I want photography to continue to take me around the world, to open my eyes wider. I want photography to teach me something I didn’t already know and then introduce me to my next best friend.

I think Phoot Camp sounds like heaven on Earth. Weird, creative, and inspiring people locked in a room with their cameras for 4 days?! Sign me up.

Photographer: Garrett Cornelison
two
Dan Busta

Dan Busta

I always bring a sense of adventure, curiosity, and excitement to Phoot. However, what I would like to bring to Phoot this year is my honest sense of community. I’d like to spend this year bringing everyone together. One of the best parts of Phoot are the friendships grow together year after year and I feel like if we all work hard to share our time at Phoot together we could all become better friends, I’d really like to work on making that more of a reality in 2012. My favorite Phoot was the first event. I felt like we all really formed a great group that year and I would like to bring that sense of community into this year’s event. I’d like to do that by working on a special project that would encapsulate the group in a interesting way. I’m no stranger to thinking outside the box or frame and I have a feeling this would be more than a collection of portraits.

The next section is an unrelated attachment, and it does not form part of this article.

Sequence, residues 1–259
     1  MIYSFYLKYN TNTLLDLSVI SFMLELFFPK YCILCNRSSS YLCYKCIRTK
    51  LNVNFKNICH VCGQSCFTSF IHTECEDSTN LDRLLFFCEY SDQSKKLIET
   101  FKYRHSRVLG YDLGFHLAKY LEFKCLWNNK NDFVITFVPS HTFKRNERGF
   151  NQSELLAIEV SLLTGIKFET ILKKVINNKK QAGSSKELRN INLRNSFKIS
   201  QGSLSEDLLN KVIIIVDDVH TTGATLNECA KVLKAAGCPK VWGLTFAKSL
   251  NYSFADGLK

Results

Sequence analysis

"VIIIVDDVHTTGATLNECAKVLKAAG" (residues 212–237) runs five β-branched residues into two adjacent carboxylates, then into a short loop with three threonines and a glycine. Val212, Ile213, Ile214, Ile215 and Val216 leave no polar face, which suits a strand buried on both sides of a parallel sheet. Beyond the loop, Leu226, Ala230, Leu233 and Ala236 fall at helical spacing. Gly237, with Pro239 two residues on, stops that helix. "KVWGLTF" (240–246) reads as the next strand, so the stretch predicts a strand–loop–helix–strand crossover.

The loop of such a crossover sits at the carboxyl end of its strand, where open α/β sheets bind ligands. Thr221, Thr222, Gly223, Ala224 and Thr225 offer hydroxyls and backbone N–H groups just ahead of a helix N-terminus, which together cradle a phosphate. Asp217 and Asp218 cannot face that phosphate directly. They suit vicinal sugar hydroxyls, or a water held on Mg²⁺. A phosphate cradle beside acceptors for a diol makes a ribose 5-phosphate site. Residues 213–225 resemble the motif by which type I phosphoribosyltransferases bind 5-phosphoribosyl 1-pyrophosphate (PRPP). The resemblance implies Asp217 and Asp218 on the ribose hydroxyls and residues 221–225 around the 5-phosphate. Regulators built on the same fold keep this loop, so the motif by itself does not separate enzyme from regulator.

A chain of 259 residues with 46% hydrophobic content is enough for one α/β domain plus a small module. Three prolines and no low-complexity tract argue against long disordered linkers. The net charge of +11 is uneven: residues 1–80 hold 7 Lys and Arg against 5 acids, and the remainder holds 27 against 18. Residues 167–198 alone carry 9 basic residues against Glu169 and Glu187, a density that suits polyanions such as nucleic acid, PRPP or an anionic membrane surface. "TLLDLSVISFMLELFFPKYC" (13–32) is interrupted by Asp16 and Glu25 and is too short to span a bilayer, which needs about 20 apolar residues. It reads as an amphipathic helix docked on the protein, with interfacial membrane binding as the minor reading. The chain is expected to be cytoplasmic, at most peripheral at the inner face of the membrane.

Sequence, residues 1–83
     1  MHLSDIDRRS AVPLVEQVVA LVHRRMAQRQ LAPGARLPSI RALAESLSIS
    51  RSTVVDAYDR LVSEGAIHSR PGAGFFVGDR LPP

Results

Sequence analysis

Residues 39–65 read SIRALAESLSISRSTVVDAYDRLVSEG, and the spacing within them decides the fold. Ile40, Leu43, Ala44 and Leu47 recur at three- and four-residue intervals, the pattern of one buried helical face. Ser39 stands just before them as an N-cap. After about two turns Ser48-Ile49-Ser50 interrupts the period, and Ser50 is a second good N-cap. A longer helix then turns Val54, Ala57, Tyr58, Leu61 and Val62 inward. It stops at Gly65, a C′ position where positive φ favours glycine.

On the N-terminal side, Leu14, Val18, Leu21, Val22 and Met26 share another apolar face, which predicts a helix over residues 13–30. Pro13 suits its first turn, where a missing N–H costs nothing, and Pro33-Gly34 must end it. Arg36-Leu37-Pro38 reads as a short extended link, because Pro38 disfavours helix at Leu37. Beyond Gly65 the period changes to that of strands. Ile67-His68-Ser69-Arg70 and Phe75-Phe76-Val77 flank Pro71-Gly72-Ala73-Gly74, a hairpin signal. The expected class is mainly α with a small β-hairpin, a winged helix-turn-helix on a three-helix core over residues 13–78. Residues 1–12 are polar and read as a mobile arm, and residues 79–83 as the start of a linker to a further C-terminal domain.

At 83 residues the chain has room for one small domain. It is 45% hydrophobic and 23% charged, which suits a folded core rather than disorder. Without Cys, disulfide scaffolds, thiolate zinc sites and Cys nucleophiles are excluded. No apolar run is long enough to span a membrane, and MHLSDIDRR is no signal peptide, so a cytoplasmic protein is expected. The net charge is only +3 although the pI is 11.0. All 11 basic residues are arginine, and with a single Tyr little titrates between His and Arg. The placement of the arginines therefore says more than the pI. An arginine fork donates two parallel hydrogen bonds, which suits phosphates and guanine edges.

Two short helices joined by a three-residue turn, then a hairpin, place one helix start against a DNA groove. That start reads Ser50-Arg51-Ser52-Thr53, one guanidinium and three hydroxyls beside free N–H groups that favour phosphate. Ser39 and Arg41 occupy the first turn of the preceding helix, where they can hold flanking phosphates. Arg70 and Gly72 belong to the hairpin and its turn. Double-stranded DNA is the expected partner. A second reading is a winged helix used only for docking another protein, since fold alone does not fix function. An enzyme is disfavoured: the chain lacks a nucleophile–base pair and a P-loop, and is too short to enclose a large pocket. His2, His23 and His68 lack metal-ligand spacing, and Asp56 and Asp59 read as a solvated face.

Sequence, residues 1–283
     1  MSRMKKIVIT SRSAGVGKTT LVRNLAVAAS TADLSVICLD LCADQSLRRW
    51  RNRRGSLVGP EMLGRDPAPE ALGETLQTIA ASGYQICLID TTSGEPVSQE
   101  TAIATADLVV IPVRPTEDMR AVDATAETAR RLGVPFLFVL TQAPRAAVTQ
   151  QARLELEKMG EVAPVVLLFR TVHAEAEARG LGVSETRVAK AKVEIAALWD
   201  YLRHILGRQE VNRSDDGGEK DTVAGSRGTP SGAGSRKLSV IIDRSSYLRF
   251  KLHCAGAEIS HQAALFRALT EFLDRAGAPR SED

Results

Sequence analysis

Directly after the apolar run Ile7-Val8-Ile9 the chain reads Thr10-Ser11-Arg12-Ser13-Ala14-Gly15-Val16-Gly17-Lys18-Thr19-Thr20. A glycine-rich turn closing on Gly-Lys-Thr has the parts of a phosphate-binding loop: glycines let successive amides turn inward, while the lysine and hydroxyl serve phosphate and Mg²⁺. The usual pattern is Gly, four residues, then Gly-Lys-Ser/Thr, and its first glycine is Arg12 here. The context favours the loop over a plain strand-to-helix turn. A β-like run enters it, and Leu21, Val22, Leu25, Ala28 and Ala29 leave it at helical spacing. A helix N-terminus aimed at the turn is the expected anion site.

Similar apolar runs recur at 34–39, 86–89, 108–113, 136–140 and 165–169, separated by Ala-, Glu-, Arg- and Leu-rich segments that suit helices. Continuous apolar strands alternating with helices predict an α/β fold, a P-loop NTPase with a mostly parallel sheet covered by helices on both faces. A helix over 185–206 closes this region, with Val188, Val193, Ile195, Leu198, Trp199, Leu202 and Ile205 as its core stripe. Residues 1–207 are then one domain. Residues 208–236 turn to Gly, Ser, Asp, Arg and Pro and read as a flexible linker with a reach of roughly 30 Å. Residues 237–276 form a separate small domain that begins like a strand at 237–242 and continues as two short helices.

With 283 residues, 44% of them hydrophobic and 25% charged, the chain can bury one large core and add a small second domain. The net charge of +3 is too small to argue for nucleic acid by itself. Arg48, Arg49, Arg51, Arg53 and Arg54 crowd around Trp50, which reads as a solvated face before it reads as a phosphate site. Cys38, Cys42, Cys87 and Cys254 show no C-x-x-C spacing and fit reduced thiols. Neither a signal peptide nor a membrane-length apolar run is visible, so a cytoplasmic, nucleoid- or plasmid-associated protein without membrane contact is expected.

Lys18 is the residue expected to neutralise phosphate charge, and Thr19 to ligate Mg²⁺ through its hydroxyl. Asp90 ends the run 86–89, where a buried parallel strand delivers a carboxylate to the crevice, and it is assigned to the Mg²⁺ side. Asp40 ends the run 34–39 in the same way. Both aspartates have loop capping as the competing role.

Photographer: Dan Busta
three
Nina Westervelt

Nina Westervelt

By day I’m a runway photographer who documents backstage fashion in NYC and Paris, and I strive to make this realm more accessible to my viewers by showing the calm but vibrant side of glamour.

Come night, I coerce my friends to work with me in perfecting the human pyramid, my group-photo weakness. Phoot Camp would be the ideal environment to cultivate my largest pyramid yet!

Being chosen as camper would be the equivalent of all the world’s confetti being dumped on me at once. And I love confetti!

My life is one giant photo album, and I yearn to create a new chapter with the unforgettable experiences Phoot Camp offers. I thrive in situations where the work I create can be pure, sincere and spontaneous, but also where I can continue to learn and grow with new friends.

I am a lover of all things film. I have to buy anything I see with an owl or wolf on it. I collect black and white postcards. I obsessively poke the fire all night when camping, but I can never start the fire. I live for tubing in rivers, jukeboxes, southern BBQ, iced coffee, hula hooping, and sparklers (of which I have a large supply, wink wink).

Photographer: Nina Westervelt

four
Ike Edeani

Ike Edeani

Nothing short of magic happens when creative people get together, and nowhere is that more evident than at Phoot Camp.

As a designer and former architect, I’ve found that certain qualities influence my photography, among them an understanding of space, proportion, color, composition, and a healthy amount of emotion. I intend to bring this perspective in my collaborations with other Campers.